Press Release

May 12, 2022
Cardin, Portman Seek Improved Protections for the Baltimore Oriole, Northern Cardinal and Other Migratory Birds
New bipartisan legislation includes important improvements to expand funding and accessibility of federal conservation investments

WASHINGTON – U.S. Senator Ben Cardin (D-Md.), a senior member of the Senate Environment and Public Works Committee, and U.S. Senator Rob Portman (R-Ohio), a member of the Senate Energy and Natural Resources Committee, today introduced legislation to reauthorize the Neotropical Migratory Bird Conservation Act, which promotes the long-term conservation, education, research, monitoring, and habitat protection for more than 380 species of migratory birds.

Key improvements included in the legislation would lower the required cost-sharing requirement for grant recipients from 3:1 to 2:1, which will make the program more accessible to smaller organizations. The new legislation also would increase the authorized appropriations level from $6.5 million to more than $20 million over five years. These and other strategic refinements will enable the program to better meet the demonstrated demand for program funds and expand the number of local partners involved in the program. 

Migratory birds, including Maryland’s state bird, the Baltimore Oriole, and Ohio’s state bird, the Northern Cardinal, continue to face threats from pesticide pollution, deforestation, sprawl, and invasive species that degrade their habitats.

“Migratory birds play a crucial role in our ecosystems, our agriculture, and our national and local cultures,” said Senator Cardin. “The programs funded by the Neotropical Migratory Bird Conservation Act have consistent track record of success in helping to sustain populations of migratory birds that face threats to their health and habitats. The reauthorization of this bill marks our continued our commitment to improving our environment and investing in the flora and fauna that help our communities grow and thrive.”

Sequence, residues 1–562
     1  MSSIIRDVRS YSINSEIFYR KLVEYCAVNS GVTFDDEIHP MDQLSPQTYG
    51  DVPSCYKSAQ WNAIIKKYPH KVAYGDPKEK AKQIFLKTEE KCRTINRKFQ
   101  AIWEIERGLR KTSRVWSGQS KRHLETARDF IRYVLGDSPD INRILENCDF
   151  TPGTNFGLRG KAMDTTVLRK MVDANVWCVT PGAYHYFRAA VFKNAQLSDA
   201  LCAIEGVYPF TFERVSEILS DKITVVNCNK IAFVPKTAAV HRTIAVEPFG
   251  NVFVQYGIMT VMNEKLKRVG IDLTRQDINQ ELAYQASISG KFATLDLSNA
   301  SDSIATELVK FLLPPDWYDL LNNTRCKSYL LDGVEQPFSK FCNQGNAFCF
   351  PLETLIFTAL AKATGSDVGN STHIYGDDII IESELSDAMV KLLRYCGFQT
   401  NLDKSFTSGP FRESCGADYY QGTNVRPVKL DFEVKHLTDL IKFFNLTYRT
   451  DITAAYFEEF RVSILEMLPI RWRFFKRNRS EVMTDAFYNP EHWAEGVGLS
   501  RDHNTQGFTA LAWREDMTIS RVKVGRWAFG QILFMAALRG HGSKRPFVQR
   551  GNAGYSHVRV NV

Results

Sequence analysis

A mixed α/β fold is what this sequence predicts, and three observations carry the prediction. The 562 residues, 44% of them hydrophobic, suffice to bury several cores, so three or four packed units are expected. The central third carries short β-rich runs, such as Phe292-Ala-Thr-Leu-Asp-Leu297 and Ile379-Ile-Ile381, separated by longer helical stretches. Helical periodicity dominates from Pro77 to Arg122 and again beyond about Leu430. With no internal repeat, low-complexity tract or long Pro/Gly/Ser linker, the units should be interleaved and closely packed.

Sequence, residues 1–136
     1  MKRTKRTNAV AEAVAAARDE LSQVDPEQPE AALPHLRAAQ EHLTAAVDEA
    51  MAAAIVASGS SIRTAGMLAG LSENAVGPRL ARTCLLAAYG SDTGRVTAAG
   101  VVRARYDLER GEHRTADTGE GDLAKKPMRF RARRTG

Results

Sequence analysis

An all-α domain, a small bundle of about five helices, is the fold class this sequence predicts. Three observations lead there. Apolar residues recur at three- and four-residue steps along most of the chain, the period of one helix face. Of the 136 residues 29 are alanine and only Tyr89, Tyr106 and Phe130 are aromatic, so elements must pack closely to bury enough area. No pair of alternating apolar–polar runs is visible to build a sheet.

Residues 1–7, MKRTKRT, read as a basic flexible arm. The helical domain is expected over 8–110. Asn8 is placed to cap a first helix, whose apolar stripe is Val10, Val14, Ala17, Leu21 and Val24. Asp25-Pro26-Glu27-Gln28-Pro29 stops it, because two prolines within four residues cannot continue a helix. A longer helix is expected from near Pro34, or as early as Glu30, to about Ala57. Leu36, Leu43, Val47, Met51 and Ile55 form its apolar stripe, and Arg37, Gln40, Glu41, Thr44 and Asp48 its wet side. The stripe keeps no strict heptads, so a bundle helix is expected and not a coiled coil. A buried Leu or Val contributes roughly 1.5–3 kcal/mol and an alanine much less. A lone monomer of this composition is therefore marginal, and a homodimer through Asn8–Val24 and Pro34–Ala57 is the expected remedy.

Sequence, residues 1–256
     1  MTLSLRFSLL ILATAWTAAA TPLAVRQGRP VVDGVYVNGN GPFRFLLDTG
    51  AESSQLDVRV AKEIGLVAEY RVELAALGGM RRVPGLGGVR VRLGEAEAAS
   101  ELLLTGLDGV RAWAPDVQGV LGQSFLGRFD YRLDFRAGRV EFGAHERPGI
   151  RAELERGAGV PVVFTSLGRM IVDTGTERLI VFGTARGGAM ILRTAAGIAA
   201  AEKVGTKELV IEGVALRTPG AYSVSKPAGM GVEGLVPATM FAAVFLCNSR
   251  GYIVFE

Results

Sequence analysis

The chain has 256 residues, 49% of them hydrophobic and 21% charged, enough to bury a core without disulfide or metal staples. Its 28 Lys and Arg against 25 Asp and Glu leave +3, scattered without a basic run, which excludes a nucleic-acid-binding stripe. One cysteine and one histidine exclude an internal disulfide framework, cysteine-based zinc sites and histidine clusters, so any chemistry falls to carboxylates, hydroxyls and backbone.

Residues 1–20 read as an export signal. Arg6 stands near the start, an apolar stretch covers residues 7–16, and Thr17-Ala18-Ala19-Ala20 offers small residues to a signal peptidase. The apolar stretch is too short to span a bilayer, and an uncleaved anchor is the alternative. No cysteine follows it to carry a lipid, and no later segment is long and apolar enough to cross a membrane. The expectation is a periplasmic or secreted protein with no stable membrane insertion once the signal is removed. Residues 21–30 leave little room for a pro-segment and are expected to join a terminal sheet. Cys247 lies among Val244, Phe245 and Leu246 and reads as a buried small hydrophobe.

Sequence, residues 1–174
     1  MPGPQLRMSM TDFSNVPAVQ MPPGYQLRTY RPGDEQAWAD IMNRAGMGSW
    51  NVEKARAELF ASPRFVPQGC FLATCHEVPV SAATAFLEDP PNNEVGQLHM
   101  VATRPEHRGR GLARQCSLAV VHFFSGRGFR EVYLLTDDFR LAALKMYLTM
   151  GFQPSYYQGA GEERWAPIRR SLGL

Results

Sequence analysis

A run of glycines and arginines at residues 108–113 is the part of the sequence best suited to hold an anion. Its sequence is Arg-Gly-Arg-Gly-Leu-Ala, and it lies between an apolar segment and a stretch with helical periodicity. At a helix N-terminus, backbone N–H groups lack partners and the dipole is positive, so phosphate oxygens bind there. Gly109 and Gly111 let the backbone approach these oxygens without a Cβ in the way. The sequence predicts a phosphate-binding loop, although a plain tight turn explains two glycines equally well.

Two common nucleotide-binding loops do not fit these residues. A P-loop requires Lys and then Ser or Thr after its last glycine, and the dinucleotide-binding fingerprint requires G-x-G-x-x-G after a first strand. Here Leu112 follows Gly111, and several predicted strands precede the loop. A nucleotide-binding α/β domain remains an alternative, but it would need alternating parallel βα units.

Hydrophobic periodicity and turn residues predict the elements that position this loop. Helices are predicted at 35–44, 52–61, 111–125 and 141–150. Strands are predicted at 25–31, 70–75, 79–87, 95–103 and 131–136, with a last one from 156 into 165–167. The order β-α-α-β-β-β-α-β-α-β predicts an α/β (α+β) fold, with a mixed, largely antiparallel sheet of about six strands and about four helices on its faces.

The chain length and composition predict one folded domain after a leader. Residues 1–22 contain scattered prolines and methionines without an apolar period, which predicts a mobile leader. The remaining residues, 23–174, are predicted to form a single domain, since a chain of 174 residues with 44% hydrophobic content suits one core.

“Hundreds of bird species migrate through Ohio each year, making Lake Erie one of the most popular destinations for birdwatching,” Senator Portman said. “Birding contributes more than $20 million to Ohio’s tourism industry and attracts visitors from across the world each year.  Protecting and conserving these bird populations is critically important, and I am proud to work in partnership with Senator Cardin again to reauthorize the Neotropical Migratory Bird Conservation Act Program.”

“Birds don’t recognize borders so we must work with our neighbors to protect them wherever they fly,” said Marshall Johnson, chief conservation officer, National Audubon Society. “This legislation will provide more places to nest, winter, and rest for the millions of birds that migrate across farms and forests in Ohio, through backyards and bays in Maryland, to mangroves in Colombia, and beyond.”

“The NMBCA provides essential support to Latin American and Caribbean partners who ensure migratory birds have a place to return in winter after breeding in the U.S. – such as the Cerulean Warbler and Wood Thrush,” said Steve Holmer, Vice President of Policy at American Bird Conservancy. “By increasing NMBCA funding and changing the match requirement, we open the door to greater participation from partner groups, as well as larger projects that are more effective at meeting bird conservation needs.”

Established in 2000, The Neotropical Migratory Bird Conservation Act has consistently strengthened our federal investment in habitat protection, education, research and monitoring of birds considered neotropical migrants — birds that spend summers in the United States and winter in Latin America. Their presence is been vital to the well-being of our economy. Farmers rely on these birds to consume billions of harmful insects and rodent pests, pollinate crops, and disperse seeds. Nationwide, bird watchers include more than 47 million Americans who are part of a larger wildlife watching community that spends $30 billion annually.

Since 2002, the NMBCA has provided nearly $75 million in grants to support 628 projects in 36 countries. These projects have positively affected approximately 5 million acres of bird habitat and spurred partnerships on multiple levels contributing an additional $286 million. 

A wide range of Maryland and Ohio organizations have endorsed the legislation, including:

Maryland

  • National Aquarium
  • Audubon Society of Central Maryland
  • Delmarva Birding Weekends
  • Chesapeake Audubon Society
  • Prince George’s Audubon Society
  • Maryland Pesticide Education Network
  • Safe Skies Maryland
  • Maryland Ornithological Society
  • Friends of Patuxent Research Refuge
  • Assateague Coastal Trust
  • Climate XChange

Ohio

  • Audubon Great Lakes
  • Grange Insurance Audubon Center
  • Columbus Audubon
  • Blackbrook Audubon Society
  • Audubon Society of Greater Cleveland
  • Greater Akron Audubon Society
  • Canton Audubon Society
  • Western Cuyahoga Audubon Society
  • Council of Ohio Audubon Chapters
  • Audubon Miami Valley

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